Bushnell recalled a first impression of Steve Jobs when Jobs was working on the Atari production line.
"Steve came into my office and said, 'No one in this company knows how to solider,' and he brought in an example," Bushnell said, " 'This stuff won't work for more than a few weeks without a failure -- you need to up your game,' " Jobs told him.
Woz recalled how Jobs "would bring me in at night and show me the [Atari] factory floor and play with the machines.'"
Jobs "had an intensity -- sometimes it was like an obnoxious teenager always talking, talking -- he was trying to find his way into companies," said Woz.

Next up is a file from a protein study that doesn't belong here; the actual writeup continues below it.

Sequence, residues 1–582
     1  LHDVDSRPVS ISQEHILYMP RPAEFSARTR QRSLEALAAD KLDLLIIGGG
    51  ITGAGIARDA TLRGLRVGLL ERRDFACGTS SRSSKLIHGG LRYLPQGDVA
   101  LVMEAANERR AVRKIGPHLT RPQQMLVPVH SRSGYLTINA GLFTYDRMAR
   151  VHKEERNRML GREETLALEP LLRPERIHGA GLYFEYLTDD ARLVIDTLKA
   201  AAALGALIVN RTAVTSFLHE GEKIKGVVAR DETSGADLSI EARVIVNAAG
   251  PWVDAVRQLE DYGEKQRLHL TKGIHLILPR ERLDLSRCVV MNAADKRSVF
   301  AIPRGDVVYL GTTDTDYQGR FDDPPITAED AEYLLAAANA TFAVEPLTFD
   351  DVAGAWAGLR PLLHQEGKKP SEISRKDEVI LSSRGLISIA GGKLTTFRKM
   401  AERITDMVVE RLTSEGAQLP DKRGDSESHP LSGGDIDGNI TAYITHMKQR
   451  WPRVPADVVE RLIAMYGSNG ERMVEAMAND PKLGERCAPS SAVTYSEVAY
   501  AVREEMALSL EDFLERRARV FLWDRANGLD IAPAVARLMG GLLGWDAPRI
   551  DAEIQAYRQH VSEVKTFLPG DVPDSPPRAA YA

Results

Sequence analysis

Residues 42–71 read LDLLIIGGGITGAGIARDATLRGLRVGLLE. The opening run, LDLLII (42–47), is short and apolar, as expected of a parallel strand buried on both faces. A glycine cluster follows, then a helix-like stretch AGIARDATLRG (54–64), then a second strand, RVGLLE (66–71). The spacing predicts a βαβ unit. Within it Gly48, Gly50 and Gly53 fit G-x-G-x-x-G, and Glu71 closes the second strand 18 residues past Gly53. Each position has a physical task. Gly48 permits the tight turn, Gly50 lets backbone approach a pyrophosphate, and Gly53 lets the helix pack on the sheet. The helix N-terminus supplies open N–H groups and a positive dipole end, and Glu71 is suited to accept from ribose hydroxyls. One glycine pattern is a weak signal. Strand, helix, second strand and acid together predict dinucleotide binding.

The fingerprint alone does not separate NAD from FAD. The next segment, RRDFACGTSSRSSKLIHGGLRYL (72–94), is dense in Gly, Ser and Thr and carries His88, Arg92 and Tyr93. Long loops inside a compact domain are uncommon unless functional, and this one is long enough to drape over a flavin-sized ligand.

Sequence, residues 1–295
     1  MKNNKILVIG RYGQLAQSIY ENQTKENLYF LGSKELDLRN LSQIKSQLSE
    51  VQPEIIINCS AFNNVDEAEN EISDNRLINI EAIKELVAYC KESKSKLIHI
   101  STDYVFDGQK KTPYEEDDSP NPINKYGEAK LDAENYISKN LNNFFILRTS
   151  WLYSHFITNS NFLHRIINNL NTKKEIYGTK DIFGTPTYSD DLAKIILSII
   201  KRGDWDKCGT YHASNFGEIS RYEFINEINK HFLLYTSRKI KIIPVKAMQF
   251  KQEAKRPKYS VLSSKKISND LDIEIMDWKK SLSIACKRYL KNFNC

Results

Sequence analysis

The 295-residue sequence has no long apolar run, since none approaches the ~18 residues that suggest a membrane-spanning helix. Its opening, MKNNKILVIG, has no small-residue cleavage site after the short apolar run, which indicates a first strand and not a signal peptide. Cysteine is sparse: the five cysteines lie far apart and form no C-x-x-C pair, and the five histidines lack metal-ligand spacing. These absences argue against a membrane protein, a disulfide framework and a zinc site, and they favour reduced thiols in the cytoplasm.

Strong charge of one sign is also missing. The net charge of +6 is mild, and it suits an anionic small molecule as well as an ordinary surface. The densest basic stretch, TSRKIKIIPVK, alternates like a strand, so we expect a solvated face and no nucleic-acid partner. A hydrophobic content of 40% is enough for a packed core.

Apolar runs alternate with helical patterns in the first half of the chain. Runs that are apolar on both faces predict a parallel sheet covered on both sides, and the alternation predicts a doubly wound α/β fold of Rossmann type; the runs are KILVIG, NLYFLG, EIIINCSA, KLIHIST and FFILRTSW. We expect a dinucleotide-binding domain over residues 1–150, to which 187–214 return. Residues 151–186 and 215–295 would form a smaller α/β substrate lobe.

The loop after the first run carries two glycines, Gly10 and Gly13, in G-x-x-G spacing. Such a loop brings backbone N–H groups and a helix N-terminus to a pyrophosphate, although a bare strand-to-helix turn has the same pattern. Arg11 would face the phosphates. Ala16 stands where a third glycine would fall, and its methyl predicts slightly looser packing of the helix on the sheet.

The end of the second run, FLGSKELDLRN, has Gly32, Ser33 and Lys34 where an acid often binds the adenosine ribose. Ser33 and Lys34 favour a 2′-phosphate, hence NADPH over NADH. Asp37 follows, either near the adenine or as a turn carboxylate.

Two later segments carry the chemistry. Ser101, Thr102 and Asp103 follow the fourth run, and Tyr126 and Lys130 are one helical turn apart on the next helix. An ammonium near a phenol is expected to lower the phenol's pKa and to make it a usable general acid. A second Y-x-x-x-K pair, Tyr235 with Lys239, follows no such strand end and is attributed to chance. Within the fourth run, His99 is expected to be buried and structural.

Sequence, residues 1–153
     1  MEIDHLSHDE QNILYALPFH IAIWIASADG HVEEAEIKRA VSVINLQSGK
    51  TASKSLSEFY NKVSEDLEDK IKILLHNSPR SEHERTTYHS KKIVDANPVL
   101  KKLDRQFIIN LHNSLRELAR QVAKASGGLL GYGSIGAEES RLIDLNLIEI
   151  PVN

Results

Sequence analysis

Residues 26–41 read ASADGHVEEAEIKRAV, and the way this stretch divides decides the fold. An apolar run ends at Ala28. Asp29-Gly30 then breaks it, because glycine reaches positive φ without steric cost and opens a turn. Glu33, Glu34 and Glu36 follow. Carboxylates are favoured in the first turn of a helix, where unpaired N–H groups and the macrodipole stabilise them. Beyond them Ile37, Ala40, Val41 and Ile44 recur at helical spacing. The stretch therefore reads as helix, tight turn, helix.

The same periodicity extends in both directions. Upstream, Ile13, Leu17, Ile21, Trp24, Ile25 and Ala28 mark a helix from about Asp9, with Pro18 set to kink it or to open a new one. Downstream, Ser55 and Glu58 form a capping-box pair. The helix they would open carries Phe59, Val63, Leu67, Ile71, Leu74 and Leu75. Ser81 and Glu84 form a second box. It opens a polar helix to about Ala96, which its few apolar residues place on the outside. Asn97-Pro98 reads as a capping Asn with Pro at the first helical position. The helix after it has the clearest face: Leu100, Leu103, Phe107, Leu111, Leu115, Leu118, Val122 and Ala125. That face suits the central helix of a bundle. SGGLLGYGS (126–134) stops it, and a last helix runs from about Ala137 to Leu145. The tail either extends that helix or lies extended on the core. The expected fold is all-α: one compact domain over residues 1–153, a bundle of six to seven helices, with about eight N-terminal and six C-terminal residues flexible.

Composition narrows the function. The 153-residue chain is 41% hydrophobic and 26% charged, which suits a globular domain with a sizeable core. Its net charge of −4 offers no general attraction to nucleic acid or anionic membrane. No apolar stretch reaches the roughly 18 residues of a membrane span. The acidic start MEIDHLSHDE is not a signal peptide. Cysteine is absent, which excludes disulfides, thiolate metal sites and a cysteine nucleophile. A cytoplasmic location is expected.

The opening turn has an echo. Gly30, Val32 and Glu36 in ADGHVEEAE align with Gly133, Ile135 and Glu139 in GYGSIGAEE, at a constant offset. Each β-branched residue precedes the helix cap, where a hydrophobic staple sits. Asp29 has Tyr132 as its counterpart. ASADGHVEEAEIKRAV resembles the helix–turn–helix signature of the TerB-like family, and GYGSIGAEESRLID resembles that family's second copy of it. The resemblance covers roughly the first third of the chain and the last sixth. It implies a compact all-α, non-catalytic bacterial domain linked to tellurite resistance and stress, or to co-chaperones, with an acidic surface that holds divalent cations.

Although Jobs is often associated with the birth of the personal computer, he actually led a series of failed computer efforts from the Apple III and Lisa to Next, Woz recalled.
"I think that got to him," he said. His "intensity took away from the patience you need for things like waiting until memory prices got down to what you need," he said.
Later in his career things shifted; Jobs and Apple became known for "building things in secret until they were ready," Woz said. "Thank God he came back because I think the iPhone is the greatest device ever -- we never had the Internet in your pocket," he said.